So, if you gave someone 90 days on August 31 2020 (that was the requirement I think back then for any tenancies of 6months to a yr in duration) & the next emergency period started on 22nd Oct 2020 that was effectively only 53 days of the 90, the tenant could then stay in the property until that emergency period ended on the 01/12/2020 & then start the clock again on the final 37 days of their notice...& don't forget the 3rd emergency period commenced on 31/12/2020 & continued until 12/04/2021...so in that example the new termination date would have been in & around the 20/04/2021 give or take a day giving me leeway for trying to do the math in my head.



  • Registered Users Posts: 15 just_a_gurl


    The undersupply in the rental market has many contributory factors - Taxation, Legislation & a very negative public perception towards LLs - I fear (IMO only) are partially to blame for this. If you compare the RTB reports on the market for the last number of years it will prove that more & more LLs are voluntarily leaving the market place. Something must be done to keep LLs in the business of being a landlord because quite frankly if someone gave me a house in the morning & told me I could rent it out & be a LL, I would say thanks but no thanks & run


    Lets not confuse a fixed term tenancy with just a tenancy - fixed term tenancies (with a lease that clearly states the termination date) can not be terminated before the termination date unless there is a break clause within the lease that allows for this, or unless both the tenant & the landlord agree to break the lease. Once a fixed term tenancy ends though you are back to Statutory Notice & regardless of whether the term is fixed or not, after 6 months a tenant ends up with Part 4 rights. (edited to say that anti social behaviour trumps all of that...if you can prove it bad enough to warrant termination that is)

    Post edited by just_a_gurl on


  • Registered Users Posts: 5,430 ✭✭✭ Claw Hammer


    Some landlords had tenants move out and either had to re-let at lower rents or leave properties vacant for lengthy periods of up to a year. If they went with the lower rent the were stuck with a new lower rent-cap than previously and if vacant for a year, lost a years rent and still had the old rent cap. Not surprisingly, many simply sold up. Not surprisingly rents are now even higher than before. When is the penny going to drop? So-called tenant-protection measures invariably end up as tenants-being-screwed measures.



  • Registered Users Posts: 36,054 ✭✭✭✭ ohnonotgmail


    not sure what any of that has to do with the post you quoted or indeed the change in legislation.



  • Registered Users Posts: 15 just_a_gurl


    @ohnonotgmail

    My comment re undersupply was in response to you asking:

    we have had undersupply in the rental market for how long now?

    I am agreeing with you when you inferred there is an undersupply & I am giving my opinion as to why I think that undersupply exists.

    Is it your contention then that the change in legislation was only in response to the undersupply in the market & that this undersupply is the reason you believe tenants deserve more protection than a LL?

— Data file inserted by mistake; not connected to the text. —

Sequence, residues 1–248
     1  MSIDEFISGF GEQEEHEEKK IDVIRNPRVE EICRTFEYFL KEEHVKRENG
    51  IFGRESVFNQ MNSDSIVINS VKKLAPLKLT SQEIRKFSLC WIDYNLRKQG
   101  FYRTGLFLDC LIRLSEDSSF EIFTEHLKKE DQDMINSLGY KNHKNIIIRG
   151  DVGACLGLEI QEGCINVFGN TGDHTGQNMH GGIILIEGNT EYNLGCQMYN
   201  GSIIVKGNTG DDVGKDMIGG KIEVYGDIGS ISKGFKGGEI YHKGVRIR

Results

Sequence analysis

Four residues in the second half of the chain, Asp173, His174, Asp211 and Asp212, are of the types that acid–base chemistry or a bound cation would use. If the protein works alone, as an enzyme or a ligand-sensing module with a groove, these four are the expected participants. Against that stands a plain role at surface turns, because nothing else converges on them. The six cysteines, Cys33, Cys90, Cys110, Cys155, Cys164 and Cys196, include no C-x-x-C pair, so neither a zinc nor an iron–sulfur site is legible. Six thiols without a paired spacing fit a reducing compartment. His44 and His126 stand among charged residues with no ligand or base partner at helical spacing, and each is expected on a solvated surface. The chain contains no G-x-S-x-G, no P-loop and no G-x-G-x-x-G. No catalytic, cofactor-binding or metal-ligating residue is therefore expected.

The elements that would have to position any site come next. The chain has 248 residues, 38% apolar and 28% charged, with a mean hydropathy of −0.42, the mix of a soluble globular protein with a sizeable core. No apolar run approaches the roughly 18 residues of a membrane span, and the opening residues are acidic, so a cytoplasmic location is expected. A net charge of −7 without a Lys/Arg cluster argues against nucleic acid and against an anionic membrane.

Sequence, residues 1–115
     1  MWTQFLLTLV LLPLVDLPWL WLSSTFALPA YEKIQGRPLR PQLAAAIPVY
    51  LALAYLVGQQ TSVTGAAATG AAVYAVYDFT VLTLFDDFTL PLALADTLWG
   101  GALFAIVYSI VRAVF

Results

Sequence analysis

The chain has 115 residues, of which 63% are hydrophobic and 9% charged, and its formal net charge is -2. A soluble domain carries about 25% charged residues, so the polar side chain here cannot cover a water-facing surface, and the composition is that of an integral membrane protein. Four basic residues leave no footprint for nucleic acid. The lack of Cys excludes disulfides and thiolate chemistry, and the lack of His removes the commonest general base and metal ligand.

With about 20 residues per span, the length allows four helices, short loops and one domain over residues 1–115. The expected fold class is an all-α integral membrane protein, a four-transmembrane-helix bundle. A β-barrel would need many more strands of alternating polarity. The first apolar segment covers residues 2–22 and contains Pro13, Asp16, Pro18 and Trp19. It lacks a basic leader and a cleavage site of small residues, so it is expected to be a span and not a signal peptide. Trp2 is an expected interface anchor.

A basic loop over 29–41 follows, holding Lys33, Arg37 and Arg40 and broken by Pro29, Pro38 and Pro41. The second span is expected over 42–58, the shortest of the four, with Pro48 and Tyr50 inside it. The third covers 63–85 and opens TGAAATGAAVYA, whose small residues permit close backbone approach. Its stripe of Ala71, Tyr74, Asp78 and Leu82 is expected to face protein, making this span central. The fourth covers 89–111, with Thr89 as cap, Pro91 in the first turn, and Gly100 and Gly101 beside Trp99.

Sorry but that wasn't actually clear to me at the time, nor was it clear by way of response to the post you responded to. I can see your argument but I don't agree with it.

    Legislation in this sector has actually tipped the scales on LLs in favour of the tenant & I don't believe that was the correct approach. I think both parties are entitled to equal rights & equal share of obligations.

    If the tenant broke that contract by leaving early, why should the landlord not be entitled to compensation for breach of contract?

    My comments re Fixed Term tenancies was because I believe that when @timmyntc referred to Breach of contract & a tenant leaving early as quoted above he must surely have been referring to a fixed term tenancy only



  • Registered Users Posts: 406 ✭✭ MakersMark


    This legislation was as communist as it gets.


    Tenant not obliged to pay rent.

    But if tenant lost his job he got 350 a week.

    Landlord not allowed to issue a notice of termination.


    Govt refused to compensate landlords.


    Every other business in the country was compensated and kept afloat.



  • Registered Users Posts: 193 ✭✭ phildub


    I dont know that you could force someone to live in a house. What if the tenant purchased their own home, are they going to be forced to pay rent and mortgage indefinitely? What if they lost their job and could no longer afford the rent payments. Forcing a tenant to remain in the rented accommodation would end up with the landlord possibly not receiving rent. At least if the place is unoccupied they have a chance of trying to let it out.

    In march 2020 I was living in an apartment that cost 2500/month to rent. One of my roommates left and went back to their home country, the other one lost his cash in hand job and couldn't claim pup. I had been supplementing my income with hospitality job which I then lost and saw a considerable drop in my income. There is absolutely no way I could have continued to pay that kind of rent. We had paid March. We paid April and the landlord allowed us to use the deposit for May and we were gone by Starr of June. If I had been forced to stay there the landlord simply would not have got the rent money. If he kicked me out, for whatever the reason, I would have been homeless during a pandemic. I think that is the reason for the tenant protection and not having the same for the landlord.



  • Registered Users Posts: 78,140 ✭✭✭✭ Victor


    "You assume Tenants required more protection - based on what?" - the state didn't want populations moving around unnecessarily during a pandemic.


    "And why would LLs not also require protection during an unprecedented pandemic?" - the vast majority of landlords had sitting tenants or could get new tenants.